Grandparent Discoveries Blog

How To Read To Your Grandchildren

Cheryl Beaudoin

Educators are always looking for the best ways to support learning for a wide range of students. Currently there is a great deal of focus in the literacy space about how best to teach children to read. There is a “science of reading” approach that supports a phonics and cognitive-based instructional method, and a “balanced literacy” approach that emphasizes word recognition and context clues. During my time as a Kindergarten teacher, I was passionate about a balanced literacy approach that had a solid phonics component—I felt it was the best of both worlds at the time! The pendulum swings in education constantly, as we continue to try to learn and do best for student learning as educational opportunities and challenges continue to evolve. 

What can we grandparents do to support our grands’ learning during the time they spend out of the classroom and with us? Read to them! And we, too, can take some different approaches to that. There are different ways we can read to children, depending on their age. 

With very young children, rhyming books are favorites as it gives the child cues to the cadence and structure of the words on the page.  Rhyming books also are easy to remember for children who do not yet know how to read themselves, which gives them the opportunity to feel as though they are “reading.” 

Another way to read to children is called “dialogic reading” which basically means having a dialogue while reading to your grandchild: asking questions to help them think about the story and characters in the book.  This technique allows you to help build their vocabulary and better understand the story structure and meaning of the story.  You can help them think more deeply about the text by asking some “wh” questions, for example: “why do you think the character felt that way,” “when did they begin to feel uneasy about a situation,” “what do you think is happening in this part of the story,” etc.  As they become more sophisticated readers, you can up your level of questions, continuing to stretch their thinking while reading. Clearly you would use this approach when you think your grandchild is “in the mood” for a back-and-forth conversation!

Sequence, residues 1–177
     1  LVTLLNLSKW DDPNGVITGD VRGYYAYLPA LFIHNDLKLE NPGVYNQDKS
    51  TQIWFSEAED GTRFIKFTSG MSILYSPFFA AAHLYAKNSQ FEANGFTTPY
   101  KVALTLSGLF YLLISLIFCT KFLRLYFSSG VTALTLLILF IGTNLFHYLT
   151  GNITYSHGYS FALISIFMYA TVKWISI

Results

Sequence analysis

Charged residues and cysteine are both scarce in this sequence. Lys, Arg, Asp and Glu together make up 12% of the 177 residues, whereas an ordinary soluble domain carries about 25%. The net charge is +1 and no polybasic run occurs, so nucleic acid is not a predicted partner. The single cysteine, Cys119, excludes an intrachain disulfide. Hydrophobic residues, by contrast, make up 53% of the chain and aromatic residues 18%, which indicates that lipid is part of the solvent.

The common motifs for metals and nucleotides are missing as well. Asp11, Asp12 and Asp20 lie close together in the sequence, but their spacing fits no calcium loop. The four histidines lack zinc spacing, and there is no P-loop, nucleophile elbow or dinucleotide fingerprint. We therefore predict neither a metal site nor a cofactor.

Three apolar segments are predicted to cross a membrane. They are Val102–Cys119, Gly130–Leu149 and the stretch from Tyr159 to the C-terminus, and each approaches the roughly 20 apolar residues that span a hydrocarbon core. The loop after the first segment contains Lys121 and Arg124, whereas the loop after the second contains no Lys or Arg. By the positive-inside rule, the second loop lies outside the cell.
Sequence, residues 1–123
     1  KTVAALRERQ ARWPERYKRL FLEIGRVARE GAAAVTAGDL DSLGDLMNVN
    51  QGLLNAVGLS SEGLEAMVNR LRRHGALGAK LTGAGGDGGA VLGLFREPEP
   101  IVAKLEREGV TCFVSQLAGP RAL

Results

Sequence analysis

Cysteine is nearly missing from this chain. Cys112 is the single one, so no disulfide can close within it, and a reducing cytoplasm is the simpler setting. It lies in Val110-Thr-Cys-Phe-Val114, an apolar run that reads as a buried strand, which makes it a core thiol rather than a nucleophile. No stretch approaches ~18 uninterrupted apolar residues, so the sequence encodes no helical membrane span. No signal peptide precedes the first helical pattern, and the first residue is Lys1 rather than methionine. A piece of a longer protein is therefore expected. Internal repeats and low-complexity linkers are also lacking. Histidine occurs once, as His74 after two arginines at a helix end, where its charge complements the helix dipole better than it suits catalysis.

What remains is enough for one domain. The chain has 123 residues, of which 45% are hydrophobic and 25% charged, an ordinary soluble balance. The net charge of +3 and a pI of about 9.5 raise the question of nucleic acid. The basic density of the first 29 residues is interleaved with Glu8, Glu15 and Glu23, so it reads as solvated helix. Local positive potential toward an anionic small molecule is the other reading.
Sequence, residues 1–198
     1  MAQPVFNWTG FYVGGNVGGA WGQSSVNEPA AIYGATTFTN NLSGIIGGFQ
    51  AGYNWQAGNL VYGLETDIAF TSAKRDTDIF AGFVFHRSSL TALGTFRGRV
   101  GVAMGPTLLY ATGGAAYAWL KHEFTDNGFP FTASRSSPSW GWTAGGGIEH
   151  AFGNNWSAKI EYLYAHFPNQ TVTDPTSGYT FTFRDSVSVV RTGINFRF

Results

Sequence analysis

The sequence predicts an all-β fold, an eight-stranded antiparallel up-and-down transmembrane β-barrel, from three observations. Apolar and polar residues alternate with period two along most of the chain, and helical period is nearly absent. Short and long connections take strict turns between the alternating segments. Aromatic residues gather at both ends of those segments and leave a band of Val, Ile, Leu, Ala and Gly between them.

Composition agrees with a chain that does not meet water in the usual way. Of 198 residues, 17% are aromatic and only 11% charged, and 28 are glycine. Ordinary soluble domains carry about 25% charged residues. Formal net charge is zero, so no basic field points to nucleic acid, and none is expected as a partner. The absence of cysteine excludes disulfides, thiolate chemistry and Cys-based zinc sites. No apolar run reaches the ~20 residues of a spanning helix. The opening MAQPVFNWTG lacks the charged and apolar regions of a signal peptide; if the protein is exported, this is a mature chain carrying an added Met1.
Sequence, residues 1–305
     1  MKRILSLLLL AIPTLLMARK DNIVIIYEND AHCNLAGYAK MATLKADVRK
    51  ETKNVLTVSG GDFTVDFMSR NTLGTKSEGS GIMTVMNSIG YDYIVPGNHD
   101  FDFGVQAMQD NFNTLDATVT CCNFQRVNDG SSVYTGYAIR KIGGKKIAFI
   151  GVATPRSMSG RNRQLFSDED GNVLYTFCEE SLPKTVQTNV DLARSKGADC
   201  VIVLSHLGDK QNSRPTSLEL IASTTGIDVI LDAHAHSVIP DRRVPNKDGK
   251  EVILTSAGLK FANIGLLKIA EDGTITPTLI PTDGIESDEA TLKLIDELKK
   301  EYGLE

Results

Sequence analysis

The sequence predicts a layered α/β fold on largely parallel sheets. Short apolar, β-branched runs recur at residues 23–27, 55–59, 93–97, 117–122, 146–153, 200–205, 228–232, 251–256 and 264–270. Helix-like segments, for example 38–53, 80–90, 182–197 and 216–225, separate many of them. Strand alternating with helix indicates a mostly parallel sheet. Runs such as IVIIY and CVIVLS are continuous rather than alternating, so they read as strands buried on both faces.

Of course, sometimes a specific “approach” is not needed at all, and you and your grand just want to cuddle and read a beautiful story! This, too, is a wonderful way to help with their growth in literacy, and, to create those special connections with our grands that we’ve discussed in this blog as being so important. Those special moments of just sharing a book mean so much! 

Do you have special ways or times you like to read to your grandchild? Have you noticed a change in how they interact with you while reading as they've gotten older? Do you have any must-read book recommendations for other grandparents?

a grandmother pushes four young children in a large swing, outdoors
Cheryl Beaudoin

Hi, I’m Cheryl: grandmother, retired Kindergarten teacher, longtime friend (and current Board member) of the Discovery Museum—and now, blogger!  As a grandparent, I try to apply what I learned as a teacher about children and their development to strengthen my relationships with my grandchildren and bring them joy. My hope for this blog is to engage with other grandparents in the Museum community to collect and share stories and ideas about the joys—and challenges—of grandparenting, and how we can connect and deepen our relationships with our grandchildren. Please join me in this wonderful journey we are on—I look forward to hearing from you! Use the comment box at the bottom of any blog post or email me at


Add new comment